In addition to the advances and questions discussed at each gathering of the IMMW, the successive meetings have enabled the small magnetic measurement community to become organized and begin to speak the same language. To take one example: "In the early 90s, workshops were devoted to adopting common definitions for certain key notions such as the reference radius of a coil, the harmonics of a field or the description of undulator magnets", explains Louis Walckiers. For the rest, the range of possibilities is largely determined – as in the past - by technological changes taking place in other fields. The idea of using multi-layer printed circuits for coils, already evoked in the 80s, was only made possible two decades later by developments in consumer electronics. Similarly, reference jigs used to position coils, which for many years were based on home-made mechanical jigs, have been replaced by new optical devices manufactured in particular by Leica. The technological breakthroughs made in the field of high-field superconducting magnets, cryogenics and vacuum technology have profoundly altered the situation.
Measurement gaps: smaller and smaller
From the mid-1990s onwards, the LHC occupied centre stage. According to Louis Walckiers, it is "undoubtedly the most complex machine ever built by humans". Other major projects were also launched. A new generation of Synchrotron Light Sources emerged and there was considerable development in the market for medical accelerators (for isotope production and radiotherapy). Of course the main trend was towards greater beam energy… leading to greater difficulties in magnetic measurement: "The greater the energy of a particle beam, the more concentrated it is, and hence the more difficult it is to measure the magnets needed", sums up Louis Walckiers. Thirty years ago, the reference radius of coils usually provided a 4-6 cm space for carrying out measurements. Today this "useful" field is reduced to a few millimetres, and tomorrow it could be even smaller: welcome to the era of miniature coils! In turn, coils themselves are being replaced by "stretched wire" or "vibrating wire" techniques. These "extremely amusing" solutions, to use Louis Walckiers' words, were the subject of some notable papers presented at IMMW 2011.They require far more sensitive electronics than rotating coils...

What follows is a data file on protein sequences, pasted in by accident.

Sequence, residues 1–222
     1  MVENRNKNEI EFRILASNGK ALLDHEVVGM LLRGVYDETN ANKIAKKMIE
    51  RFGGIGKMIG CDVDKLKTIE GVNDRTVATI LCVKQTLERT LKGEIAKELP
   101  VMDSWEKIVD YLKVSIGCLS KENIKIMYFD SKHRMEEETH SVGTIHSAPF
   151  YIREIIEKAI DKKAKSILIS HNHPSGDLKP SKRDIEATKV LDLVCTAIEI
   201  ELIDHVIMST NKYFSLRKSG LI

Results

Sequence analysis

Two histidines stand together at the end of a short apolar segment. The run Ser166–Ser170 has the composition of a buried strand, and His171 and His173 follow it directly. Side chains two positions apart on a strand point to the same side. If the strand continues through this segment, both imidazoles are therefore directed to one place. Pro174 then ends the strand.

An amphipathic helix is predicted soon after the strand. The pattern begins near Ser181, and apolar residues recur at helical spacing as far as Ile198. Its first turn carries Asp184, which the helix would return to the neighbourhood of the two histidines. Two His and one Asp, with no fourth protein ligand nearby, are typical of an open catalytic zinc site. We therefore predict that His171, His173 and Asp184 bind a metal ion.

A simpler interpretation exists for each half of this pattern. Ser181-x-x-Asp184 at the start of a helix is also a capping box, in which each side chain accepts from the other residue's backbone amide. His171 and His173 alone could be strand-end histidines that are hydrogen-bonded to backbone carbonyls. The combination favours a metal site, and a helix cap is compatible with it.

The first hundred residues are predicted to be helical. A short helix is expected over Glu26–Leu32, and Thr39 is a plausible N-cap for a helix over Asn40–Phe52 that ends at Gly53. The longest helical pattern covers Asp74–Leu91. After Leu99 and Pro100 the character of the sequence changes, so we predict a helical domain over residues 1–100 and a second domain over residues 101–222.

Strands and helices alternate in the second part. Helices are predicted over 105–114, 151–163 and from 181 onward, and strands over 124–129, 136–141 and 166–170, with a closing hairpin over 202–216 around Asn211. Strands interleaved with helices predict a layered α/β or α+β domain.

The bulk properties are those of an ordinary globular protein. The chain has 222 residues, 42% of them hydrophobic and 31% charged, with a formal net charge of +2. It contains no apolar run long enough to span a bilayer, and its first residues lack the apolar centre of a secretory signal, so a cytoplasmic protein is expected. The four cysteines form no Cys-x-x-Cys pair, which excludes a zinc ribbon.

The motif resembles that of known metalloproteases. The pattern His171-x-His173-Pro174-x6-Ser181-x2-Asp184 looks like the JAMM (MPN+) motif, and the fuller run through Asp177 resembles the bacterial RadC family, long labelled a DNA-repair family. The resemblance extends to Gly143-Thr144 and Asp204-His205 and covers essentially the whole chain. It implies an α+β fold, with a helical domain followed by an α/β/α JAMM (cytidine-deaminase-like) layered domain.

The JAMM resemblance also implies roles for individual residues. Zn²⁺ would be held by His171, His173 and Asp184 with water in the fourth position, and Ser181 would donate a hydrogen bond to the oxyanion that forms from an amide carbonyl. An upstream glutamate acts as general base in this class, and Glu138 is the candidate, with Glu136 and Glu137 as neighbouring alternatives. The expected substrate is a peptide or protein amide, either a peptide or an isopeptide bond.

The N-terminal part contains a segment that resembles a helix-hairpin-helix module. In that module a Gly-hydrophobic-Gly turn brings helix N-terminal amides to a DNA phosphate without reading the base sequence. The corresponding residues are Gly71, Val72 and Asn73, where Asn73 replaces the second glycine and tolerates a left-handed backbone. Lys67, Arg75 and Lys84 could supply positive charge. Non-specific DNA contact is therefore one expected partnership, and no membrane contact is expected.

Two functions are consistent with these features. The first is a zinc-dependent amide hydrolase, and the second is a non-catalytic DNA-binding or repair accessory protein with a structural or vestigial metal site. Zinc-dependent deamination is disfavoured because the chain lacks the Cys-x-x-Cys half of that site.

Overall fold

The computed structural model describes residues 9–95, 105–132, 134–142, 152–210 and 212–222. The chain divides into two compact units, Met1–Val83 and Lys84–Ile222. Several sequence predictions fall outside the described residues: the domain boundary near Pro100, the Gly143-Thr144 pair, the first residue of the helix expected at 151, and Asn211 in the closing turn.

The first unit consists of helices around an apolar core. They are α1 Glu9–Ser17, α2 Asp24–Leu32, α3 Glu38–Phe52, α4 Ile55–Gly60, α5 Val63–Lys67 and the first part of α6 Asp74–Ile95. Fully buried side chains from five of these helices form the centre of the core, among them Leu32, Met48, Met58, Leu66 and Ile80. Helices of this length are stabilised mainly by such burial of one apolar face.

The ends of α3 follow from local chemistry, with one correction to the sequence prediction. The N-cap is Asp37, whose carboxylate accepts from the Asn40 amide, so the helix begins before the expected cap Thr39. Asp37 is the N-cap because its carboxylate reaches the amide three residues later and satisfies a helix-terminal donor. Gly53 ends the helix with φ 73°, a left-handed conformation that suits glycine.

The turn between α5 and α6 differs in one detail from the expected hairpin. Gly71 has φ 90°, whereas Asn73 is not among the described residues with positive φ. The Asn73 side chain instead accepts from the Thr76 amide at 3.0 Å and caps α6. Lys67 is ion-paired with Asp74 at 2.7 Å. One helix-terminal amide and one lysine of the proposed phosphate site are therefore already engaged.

And so the story of the IMMW is entwined with the recent history of high-energy physics. In the future, the LHC may at last enable us to capture the mysterious Higgs boson. It will then need to be studied, perhaps using the particle beams at the ILC – the International Linear Collider or the CLIC – Compact Linear Collider. One day, one of these 60 km long facilities will incorporate some 50,000 magnets with 8-10 mm measurement gaps, all of which will have to be aligned with a geometric precision better than a micrometre... Magnetic measurement can look forward to a bright future!